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Even if the identity of Chambord's architect remains unknown, the genius of Leonardo de Vinci is written all over the château (though the construction began 6 months after his death). The edifice contains a multitude of novel innovations for the era—to begin with, the Greek cross plan of the keep, over which the castle is built. This unusual setup in France was undeniably inspired by Italy.
Among the numerous innovations in Chambord, the double helix staircase is without a doubt one of the most remarkable. The central piece of the keep, and of the château as a whole, it symbolizes perpetual renewal. This staircase, which allows for two people to walk without crossing paths, has always fascinated visitors to Chambord.
On the last stage of the keep, the eye is immediately drawn to the the immense vaulted ceiling, a sea of caissons containing the emblems of François I. These include the letter F and the salamander, a little amphibian that you can happen upon hundreds of times on the walls and ceilings of Chambord. The multitude of the symbols underscores the monarch's will to stamp Chambord with the mark of his legacy.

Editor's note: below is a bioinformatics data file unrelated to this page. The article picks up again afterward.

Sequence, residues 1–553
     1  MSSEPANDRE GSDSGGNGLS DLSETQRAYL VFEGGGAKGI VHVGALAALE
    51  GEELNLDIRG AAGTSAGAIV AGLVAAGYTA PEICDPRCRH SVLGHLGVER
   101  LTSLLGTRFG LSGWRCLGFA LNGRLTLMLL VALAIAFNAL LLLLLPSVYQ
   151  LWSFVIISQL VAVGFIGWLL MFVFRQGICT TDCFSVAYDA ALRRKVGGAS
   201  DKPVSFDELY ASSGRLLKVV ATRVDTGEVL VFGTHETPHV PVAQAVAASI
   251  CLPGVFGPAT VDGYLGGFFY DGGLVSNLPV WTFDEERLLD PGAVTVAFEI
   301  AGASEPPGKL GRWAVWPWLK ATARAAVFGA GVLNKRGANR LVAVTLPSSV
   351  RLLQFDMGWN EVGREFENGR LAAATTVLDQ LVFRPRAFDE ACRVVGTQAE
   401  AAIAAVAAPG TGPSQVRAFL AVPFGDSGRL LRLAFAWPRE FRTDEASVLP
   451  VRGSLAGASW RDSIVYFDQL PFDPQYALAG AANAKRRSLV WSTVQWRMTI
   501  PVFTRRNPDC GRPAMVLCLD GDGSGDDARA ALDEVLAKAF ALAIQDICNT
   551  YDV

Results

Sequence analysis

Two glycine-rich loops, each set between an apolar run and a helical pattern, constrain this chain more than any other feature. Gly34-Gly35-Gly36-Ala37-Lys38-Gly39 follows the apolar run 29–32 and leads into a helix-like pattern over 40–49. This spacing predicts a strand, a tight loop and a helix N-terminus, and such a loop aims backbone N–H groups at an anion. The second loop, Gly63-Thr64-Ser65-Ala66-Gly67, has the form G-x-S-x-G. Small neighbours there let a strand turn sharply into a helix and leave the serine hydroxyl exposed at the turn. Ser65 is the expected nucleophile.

Chambord is a beautiful example of the Renaissance, however, it's also studded with Medieval vestiges in its structure and elements. Such is the case regarding the ornamentation in the high keep and in the château, in which the chimneys and turrets evoke the style of fortresses. It's an abundant embellishment that contrasts with the sobriety of the façades.
Just under its roof, Chambord hides the treasure of its architecture—the lofts of the West Tower of the keep, built from 16th century wood. They're a secret that only savvy visitors who have chosen the "unusual" and "thorough" guided tours.
Conceived by François I, who blessed Chambord with the symbol of his power, construction continued after his death. Visitors can thank Gaston d'Orléans, the brother of King Louis XIII, for Chambord Park. It wasn't until the reign of Louis XIV that the building was completed, and converted into a proper châteaux.
Chambord continued to seduce crowned heads, welcoming the King of Poland (father-in-law to Louis XV) during his exile, as well the Marshal of Saxony, to whom we owe the French-style garden.
In 2019, on the occasion of the 500th anniversary of the château's ground-breaking, Chambord welcomes visitors with a site tour, orchestrated by designer Jacques Garcia.